Monday, March 17, 2008
An X-ray guided injection of
synthetic bone cement into fractured pelvic bones may provide rapid and safe
pain relief to osteoporosis patients with low back pain, according to a new multicenter
Approximately 25 million Americans – predominantly women 50
years of age and older -- suffer from osteoporosis, the leading cause of sacral
insufficiency fractures (SIFs). Bone fractures are common in individuals with
osteoporosis due to decreased bone mineralization and mass. During the first
year following an osteoporotic fracture, 75 percent of women do not receive adequate treatment due to a variety of reasons, including lack of
The research team, including spine
and rehabilitation specialists from the Virginia
Commonwealth University School of Medicine, Advanced Pain Management and
Spine Specialists in Florida, and the OrthoCarolina Spine Center in North Carolina, evaluated the
efficacy and safety of a technique called sacroplasty, a percutaneous injection
of synthetic bone cement into sacral fractures, in 52 patients with SIFs. The
study, published in the March-April issue of The Spine Journal,
represents the largest prospective trial of sacroplasty for osteoporosis SIFs.
"Our findings demonstrate that a
technique similar to what has been performed for painful spinal osteoporotic
fractures is equally effective for osteoporotic pelvic fractures," said Michael DePalma, M.D., associate
professor in the Department of Physical Medicine and Rehabilitation in the VCU School
of Medicine, who led the team at VCU.
results are very encouraging in that patients typically experience rapid and
significant improvement in low back pain and reduction in disability and narcotic
pain medication utilization," he added.
According to DePalma, who
is the medical director of the VCU Spine Center,
the technique allows the patient to participate in physical therapy much sooner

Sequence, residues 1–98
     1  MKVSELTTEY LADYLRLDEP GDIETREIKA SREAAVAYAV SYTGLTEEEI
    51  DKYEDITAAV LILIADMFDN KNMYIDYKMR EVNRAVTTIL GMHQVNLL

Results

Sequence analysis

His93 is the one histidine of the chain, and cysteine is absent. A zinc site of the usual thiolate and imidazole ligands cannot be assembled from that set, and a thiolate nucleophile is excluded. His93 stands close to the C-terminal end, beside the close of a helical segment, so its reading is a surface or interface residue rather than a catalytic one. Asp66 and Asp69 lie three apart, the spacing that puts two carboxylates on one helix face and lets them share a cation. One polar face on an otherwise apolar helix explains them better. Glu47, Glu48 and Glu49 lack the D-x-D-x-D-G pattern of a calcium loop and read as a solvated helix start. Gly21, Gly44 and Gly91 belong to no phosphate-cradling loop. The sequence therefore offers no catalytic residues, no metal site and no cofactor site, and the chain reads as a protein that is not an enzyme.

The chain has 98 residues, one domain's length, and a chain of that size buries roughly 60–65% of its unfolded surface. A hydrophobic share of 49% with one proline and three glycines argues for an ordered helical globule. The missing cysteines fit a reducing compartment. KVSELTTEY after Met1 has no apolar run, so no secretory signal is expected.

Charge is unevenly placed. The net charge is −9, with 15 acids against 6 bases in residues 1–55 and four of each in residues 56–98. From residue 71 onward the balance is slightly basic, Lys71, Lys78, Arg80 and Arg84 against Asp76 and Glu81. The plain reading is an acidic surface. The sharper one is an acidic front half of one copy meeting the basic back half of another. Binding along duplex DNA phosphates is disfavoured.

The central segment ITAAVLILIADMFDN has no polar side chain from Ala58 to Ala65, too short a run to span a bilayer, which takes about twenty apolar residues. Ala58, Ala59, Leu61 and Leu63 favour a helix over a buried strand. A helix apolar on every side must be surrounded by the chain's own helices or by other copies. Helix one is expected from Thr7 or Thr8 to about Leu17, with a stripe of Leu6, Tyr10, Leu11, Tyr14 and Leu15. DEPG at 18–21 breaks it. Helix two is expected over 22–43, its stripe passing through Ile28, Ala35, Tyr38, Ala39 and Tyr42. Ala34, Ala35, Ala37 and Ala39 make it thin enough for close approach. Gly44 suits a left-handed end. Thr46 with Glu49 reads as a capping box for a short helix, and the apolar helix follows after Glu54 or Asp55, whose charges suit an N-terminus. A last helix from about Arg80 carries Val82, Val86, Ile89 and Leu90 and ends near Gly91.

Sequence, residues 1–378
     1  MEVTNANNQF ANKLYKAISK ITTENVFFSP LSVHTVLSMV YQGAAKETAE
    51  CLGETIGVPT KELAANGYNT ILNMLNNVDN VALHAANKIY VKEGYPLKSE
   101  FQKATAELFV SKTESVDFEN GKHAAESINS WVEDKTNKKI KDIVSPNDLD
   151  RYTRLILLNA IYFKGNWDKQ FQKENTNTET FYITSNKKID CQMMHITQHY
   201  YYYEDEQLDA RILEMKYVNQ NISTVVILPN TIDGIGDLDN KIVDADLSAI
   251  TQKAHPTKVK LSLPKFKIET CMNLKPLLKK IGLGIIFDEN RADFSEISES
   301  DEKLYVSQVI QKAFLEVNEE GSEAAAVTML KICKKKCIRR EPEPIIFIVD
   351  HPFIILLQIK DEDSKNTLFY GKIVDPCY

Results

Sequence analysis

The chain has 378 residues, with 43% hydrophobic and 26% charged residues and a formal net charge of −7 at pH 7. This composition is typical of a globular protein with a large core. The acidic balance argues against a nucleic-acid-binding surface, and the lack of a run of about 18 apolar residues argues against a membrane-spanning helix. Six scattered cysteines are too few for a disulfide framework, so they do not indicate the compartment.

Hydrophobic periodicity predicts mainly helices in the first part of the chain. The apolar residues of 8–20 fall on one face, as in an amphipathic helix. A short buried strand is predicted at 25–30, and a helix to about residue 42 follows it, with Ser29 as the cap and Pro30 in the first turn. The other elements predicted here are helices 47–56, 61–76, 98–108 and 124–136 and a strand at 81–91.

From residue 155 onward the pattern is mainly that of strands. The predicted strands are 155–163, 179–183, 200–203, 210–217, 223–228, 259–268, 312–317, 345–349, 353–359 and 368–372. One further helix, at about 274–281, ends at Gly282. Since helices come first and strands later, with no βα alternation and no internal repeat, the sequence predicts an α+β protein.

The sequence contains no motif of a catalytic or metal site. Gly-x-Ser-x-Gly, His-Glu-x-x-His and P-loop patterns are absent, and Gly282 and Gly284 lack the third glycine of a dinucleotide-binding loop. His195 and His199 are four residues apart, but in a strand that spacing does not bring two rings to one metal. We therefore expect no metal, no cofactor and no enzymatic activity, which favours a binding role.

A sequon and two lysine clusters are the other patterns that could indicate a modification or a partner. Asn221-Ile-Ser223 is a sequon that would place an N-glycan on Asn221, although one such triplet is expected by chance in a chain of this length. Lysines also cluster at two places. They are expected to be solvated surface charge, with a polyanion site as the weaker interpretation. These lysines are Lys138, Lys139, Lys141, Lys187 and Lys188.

than those who have not undergone treatment. Additionally, pharmacologic and
dietary treatment options for the osteoporosis may also be addressed following
Moving forward, the team will
examine patients to more clearly determine the incidence of side effects.
Additionally, they will further refine the technique to better understand the
biomechanics of the osteoporotic pelvis.
The VCU Spine Center offers a multidisciplinary
comprehensive team approach to the management of patients with all spine
ailments and chronic painful conditions. It addresses surgical, pain management
and rehabilitation needs for these patients aiming to restore appropriate level
DePalma collaborated with Michael E. Frey, M.D., the corresponding author on
the study, and Jonathan S. Daitch, M.D., with Advanced Pain Management and
Spine Specialists; David X. Cifu, M.D., and William Carne, Ph.D., with the VCU
Department of Physical Medicine and Rehabilitation; and Sarjoo M. Bhagia, M.D., with the
OrthoCarolina Spine Center.
About the Virginia Commonwealth University Medical Center
The Virginia Commonwealth University Medical Center is one of the nation’s leading academic medical centers and stands alone as the most comprehensive academic medical center in Central Virginia. The medical center includes the 865-bed MCV Hospitals and outpatient clinics, MCV Physicians -- a 600-physician-faculty group practice, and the health sciences schools of Virginia Commonwealth University. The VCU Medical Center, through its VCU Health System, offers state-of-the-art care in more than 200 specialty areas, many of national and international note, including organ transplantation, head and spinal cord trauma, burn healing and cancer treatment. The VCU Medical Center is the site for the region’s only Level 1 Trauma Center. As a leader in healthcare research, the VCU Medical Center offers patients the opportunity to choose to participate in programs that advance evolving treatment, such as those sponsored by the National Cancer Institute through VCU’s Massey Cancer Center, Virginia’s first NCI-designated cancer center. The VCU Medical Center’s academic mission is supported by VCU’s health sciences schools of medicine, allied health, dentistry, pharmacy and nursing.